Vinaya Pitaka (1): The Analysis of Monks’ Rules (Bhikkhu-vibhanga)

by I. B. Horner | 2014 | 345,334 words | ISBN-13: 9781921842160

The English translation of the Bhikkhu-vibhanga: the first part of the Suttavibhanga, which itself is the first book of the Pali Vinaya Pitaka, one of the three major ‘baskets’ of Therevada canonical literature. It is a collection of rules for Buddhist monks. The English translation of the Vinaya-pitaka (first part, bhikkhu-vibhanga) contains many...

Stories exposing the classes of offences

The point of the series of short stories or incidents, which usually follow the Old Commentary’s exegesis, is to show what exceptions could be made to a rule, what exemptions were permissible, what lesser and sometimes what graver offences were incurred, and what was an offence from which there could be no exemption since it tallied in all its main respects with that which had led to the framing of the rule. These stories are not invariably ascribed to any particular person, as are those introducing the rule. They not seldom attach the behaviour which needs consideration to “a certain monk.”

These stories reveal the existence of different grades of penalty for different types of offence against the main rules. Not merely are there five great classes of offences—Pārājika, Saṅghādisesa, Nissaggiya Pācittiya, Pācittiya and Pāṭidesaniya—there are also thullaccaya (grave) offences, and dukkaṭa offences (those of wrong-doing). These are of constant recurrence in the stories, or “Notes giving the exceptions to, and extensions of, the Rule in the Pātimokkha.”[1] Of rarer appearance BD.1.xxxv are offences of wrong speech. One or other of these offences is said to be incurred if behaviour has approximated to that which a particular Pātimokkha rule has been designed to restrain, but which is, so far as can be judged, not so grave in nature as a breach of the rule itself, because of certain differences in its execution, or because of certain extenuating circumstances.

Sometimes the stories are grouped together to form a set. Although, where this occurs, each story may show no more than a minute variation from the others, they are all set out at length. Putting the gist of the stories into general terms, each one would then read something as follows: If this is done, but not that, though the other thing is done, such and such an offence is incurred. If this is done and that, but not the other thing, such and such an offence is incurred. If this is not done, but that is done, and the other thing is (is not) done, such and such an offence is incurred. And so on through permutation and combination of deeds done or not done, until the final case is achieved where no offence is incurred.

These groups of stories are apt to be tedious to Western readers. I have therefore put them, when they occur, into a smaller type, as also other passages concerned with small shades of differences. Doubtless such meticulous detail was useful in defining exactly what was lawful and what was not lawful for monks to do, and in preventing the evasions which from time to time they seemed ready to attempt. As history, these stories are as interesting in evincing an Oriental love and management of detail as in revealing items of topical value in regard to manners and customs. The manner and time of their formulation are as problematical as those of the major rules.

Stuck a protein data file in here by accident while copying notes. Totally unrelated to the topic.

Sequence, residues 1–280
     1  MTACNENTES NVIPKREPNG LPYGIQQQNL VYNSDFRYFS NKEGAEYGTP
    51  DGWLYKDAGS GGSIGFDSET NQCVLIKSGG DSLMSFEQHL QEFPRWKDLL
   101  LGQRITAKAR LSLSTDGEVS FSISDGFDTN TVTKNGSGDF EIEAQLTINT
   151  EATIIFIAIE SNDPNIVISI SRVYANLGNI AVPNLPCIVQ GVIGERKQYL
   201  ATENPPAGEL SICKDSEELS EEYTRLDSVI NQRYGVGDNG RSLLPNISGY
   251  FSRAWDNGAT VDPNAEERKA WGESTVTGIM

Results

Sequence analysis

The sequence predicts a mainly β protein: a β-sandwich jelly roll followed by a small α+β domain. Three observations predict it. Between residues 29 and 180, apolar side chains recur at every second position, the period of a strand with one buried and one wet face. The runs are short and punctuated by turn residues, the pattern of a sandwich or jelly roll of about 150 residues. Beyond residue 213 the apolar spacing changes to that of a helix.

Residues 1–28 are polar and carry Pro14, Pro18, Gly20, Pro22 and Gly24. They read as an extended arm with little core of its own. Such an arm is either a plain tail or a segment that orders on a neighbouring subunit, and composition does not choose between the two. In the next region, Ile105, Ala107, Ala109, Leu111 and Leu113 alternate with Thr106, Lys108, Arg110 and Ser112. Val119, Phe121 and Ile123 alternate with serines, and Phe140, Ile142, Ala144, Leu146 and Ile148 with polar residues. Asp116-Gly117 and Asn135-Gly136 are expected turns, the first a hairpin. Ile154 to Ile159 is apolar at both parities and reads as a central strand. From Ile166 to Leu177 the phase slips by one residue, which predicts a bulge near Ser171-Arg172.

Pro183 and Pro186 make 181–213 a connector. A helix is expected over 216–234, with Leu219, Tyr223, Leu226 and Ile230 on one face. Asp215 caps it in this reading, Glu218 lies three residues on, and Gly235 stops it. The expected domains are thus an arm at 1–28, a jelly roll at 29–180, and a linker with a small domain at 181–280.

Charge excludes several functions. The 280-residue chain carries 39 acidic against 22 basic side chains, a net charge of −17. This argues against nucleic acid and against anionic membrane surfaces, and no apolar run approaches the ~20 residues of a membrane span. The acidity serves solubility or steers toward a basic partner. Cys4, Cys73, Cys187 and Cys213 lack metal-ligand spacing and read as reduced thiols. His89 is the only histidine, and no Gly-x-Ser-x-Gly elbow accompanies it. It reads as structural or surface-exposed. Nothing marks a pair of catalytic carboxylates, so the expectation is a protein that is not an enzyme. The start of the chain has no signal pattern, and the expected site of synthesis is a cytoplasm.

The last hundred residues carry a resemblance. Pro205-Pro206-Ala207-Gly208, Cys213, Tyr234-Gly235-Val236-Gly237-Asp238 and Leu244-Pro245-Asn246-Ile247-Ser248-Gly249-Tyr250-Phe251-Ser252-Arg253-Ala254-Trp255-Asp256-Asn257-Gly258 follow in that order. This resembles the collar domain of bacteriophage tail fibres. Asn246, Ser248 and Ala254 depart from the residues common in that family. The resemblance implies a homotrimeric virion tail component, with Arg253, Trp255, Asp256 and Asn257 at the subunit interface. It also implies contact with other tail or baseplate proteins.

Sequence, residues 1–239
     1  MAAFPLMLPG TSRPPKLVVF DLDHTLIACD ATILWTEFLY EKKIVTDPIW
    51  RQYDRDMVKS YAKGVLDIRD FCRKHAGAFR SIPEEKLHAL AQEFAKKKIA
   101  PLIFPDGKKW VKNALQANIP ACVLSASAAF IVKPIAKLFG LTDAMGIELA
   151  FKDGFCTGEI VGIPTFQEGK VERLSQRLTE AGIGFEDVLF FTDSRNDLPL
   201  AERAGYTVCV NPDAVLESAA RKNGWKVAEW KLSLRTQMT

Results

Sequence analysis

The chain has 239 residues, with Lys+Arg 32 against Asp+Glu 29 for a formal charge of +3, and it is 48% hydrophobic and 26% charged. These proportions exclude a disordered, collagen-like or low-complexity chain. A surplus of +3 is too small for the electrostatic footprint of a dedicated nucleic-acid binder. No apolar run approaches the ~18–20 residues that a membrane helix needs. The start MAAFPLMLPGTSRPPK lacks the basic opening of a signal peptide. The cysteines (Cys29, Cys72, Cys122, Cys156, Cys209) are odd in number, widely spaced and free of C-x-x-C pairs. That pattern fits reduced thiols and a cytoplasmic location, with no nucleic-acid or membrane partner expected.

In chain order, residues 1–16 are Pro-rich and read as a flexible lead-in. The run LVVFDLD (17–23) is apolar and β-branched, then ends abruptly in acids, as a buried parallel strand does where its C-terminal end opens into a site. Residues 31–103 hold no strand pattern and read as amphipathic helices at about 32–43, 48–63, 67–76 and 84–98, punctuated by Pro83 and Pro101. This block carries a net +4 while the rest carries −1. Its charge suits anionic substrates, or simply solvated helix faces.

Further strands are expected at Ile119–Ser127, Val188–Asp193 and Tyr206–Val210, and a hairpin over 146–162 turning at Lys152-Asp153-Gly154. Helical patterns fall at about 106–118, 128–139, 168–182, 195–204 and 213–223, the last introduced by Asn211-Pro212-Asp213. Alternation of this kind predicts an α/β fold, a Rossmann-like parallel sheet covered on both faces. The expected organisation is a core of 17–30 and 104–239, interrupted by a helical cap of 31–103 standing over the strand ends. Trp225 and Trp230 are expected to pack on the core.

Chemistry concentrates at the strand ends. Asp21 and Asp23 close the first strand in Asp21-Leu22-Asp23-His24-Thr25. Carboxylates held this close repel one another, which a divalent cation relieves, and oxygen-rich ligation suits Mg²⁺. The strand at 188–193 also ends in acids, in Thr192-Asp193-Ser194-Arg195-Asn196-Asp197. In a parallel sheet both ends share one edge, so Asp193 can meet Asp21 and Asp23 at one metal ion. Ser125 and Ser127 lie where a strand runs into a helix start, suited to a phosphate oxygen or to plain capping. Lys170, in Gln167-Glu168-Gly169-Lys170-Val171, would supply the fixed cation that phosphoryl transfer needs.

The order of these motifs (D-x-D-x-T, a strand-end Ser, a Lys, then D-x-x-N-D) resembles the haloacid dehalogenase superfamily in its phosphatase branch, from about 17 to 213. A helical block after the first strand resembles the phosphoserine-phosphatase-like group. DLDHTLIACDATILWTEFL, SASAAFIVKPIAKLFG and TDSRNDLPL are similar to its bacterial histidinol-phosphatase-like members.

At the end of each Pārājika, Saṅghādisesa and Aniyata Rule, general circumstances are stated where the breach of the rule is riot to be counted as an offence. The most comprehensive of these is when a monk is mad, in pain or a beginner. Others have a more specialised import. Thus, for example, there is said to be no BD.1.xxxvi offence if a monk had some course of behaviour forced upon him, but did not consent to it (as in Bu-Pj.1); if he did something accidentally, not intending to do it (as in Bu-Pj.3); if he did something unsuitable, being under a misapprehension (as in Bu-Pj.2).

The occasions when it is stated that no offence is incurred are all remarkable for their humane and lenient tone, for their reasonableness and common-sense. Thus there is no offence if something not given is taken for the sake of food (Bu-Pj.2.7.38), or is only taken for the time being (Bu-Pj.2.7.40), it being assumed, apparently, that there was the intention of returning it. Again, two occasions are recorded[2] where a monk died, in the one case through being tickled,[3] and in the other through being trod upon.[4] Yet no murderous act was done, or the verdict would have been different, and not that “there is no offence involving defeat.” It seems probable that the monks who died were nervy, delicate or infirm, and received a shock or heart-attack resulting in their death, but had they been in normal health they would have come to no harm.

Footnotes and references:

1.

Vinaya Texts i.xix.

3.

aṅgulipatodaka. Pali-English Dictionary has “nudging with the fingers,” Critical Pali Dictionary “tickling with the fingers.” Dialogues of the Buddha i.113 has in the text “nudging one another with the fingers,” but Dialogues of the Buddha i.113, n.3, in referring to the above Vinaya passage (= Vin.4.110) says: “It must there mean ’ tickling.’” GS.iv.225 (AN.iv.343) has “poking one another with the fingers.”

4.

Or ottharati may mean to spread out, to stretch out.